Didi suspends European expansion plans amid ongoing drama with Chinese authorities
Chinese ride-hailing giant Didi Global Inc. is reported to have suspended plans to launch in the U.K. and Europe amid its ongoing drama with Chinese authorities.
The Telegraph reported today that staff working on the expansion plans in the U.K. have been told that they may be made redundant because of plans to put expansion on hold for at least a year.
Didi neither confirmed nor denied the report. “We continue to explore additional new markets, liaising with relevant stakeholders in each and being thoughtful about when to introduce our services,” a Didi spokesperson said. “As soon as we have any more news on additional new markets, we look forward to sharing.”
While best known as the leading ride-hailing provider in mainland China, Didi has been on an extensive global expansion in recent years. Didi operates in countries including Russia, Australia, Mexico, Brazil and Japan, among others.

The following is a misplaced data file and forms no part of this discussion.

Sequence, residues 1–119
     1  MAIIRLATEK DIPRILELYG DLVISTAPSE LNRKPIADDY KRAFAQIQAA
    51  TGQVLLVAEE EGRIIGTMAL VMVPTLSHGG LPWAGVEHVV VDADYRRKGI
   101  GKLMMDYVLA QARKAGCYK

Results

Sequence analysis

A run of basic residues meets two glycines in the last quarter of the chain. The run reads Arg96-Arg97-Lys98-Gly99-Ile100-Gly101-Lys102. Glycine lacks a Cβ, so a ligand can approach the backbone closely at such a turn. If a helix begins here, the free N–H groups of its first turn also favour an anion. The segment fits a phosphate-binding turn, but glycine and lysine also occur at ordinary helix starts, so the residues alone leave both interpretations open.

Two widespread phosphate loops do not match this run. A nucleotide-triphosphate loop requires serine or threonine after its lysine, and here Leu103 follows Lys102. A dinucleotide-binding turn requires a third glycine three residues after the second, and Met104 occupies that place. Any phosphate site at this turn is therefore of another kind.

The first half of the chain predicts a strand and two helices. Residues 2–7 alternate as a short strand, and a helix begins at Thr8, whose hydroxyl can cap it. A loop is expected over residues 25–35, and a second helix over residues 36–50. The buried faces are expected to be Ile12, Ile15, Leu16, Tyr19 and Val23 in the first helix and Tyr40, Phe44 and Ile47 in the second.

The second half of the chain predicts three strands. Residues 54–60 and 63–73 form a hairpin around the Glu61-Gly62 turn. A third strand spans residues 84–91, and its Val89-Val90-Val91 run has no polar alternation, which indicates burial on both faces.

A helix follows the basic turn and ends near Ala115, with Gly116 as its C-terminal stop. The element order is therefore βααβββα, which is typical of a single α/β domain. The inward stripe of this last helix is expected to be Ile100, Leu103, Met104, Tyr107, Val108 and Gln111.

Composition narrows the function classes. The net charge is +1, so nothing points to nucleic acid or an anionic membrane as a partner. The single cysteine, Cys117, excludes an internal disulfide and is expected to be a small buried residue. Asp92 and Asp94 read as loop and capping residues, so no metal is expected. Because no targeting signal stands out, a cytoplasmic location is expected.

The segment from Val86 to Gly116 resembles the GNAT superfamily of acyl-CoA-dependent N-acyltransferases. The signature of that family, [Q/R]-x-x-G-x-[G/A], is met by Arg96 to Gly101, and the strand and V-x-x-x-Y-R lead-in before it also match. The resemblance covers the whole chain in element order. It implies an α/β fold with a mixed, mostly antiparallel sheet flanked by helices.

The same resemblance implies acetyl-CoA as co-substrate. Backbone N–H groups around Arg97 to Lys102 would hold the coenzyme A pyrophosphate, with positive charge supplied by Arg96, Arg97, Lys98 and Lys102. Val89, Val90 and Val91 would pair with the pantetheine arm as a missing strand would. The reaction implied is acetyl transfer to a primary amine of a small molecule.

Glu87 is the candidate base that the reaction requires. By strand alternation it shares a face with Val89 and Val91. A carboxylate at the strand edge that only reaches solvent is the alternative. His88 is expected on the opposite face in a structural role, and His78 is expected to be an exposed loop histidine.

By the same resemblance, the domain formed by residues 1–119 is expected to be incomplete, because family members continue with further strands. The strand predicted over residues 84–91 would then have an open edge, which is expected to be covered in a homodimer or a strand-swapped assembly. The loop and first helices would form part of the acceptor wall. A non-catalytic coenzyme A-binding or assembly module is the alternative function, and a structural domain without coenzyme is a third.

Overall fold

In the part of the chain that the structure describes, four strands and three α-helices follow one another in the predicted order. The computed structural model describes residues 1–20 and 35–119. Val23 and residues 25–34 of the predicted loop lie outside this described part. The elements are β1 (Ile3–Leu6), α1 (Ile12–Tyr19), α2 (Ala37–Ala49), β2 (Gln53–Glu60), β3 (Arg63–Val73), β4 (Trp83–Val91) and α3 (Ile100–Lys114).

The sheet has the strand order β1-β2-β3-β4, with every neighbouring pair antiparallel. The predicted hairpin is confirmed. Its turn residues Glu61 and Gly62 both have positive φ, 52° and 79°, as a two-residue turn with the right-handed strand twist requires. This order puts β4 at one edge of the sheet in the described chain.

Didi also competes directly against Uber Technologies Inc. in some markets. Uber sold its operations in mainland China to Didi in 2016 and is a shareholder in Didi. That shareholding has also affected Uber, its share price hit as Didi’s share price has faltered.
The issues at Didi started just after the company was listed on the New York Stock Exchange on June 30. The Chinese Communist Party, seemingly annoyed that Didi went public in the U.S., subsequently banned the Didi app from Chinese app stores. The regulators claim that Didi has undertaken “serious violations on collecting and using personal information.”
A report on July 29 said Didi was planning on taking the company private to placate authorities in China and it could compensate investors for losses since it went public. It was also claimed that Didi had held discussions with banks, regulators and key investors about resolving some of its problems.
Didi denied the report, calling the information not true. The company added that it “is fully cooperating with the relevant government authorities in China in the cybersecurity review of the company.”
The news that Didi was putting on hold its expansion plans did not affect the company’s share price. The report was published during afternoon trading. Didi shares closed up more than 3% in regular trading, to $7.72 a share, and were mostly flat in after-hours trading. Those prices are still well down from a peak of $16.40 on July 1.
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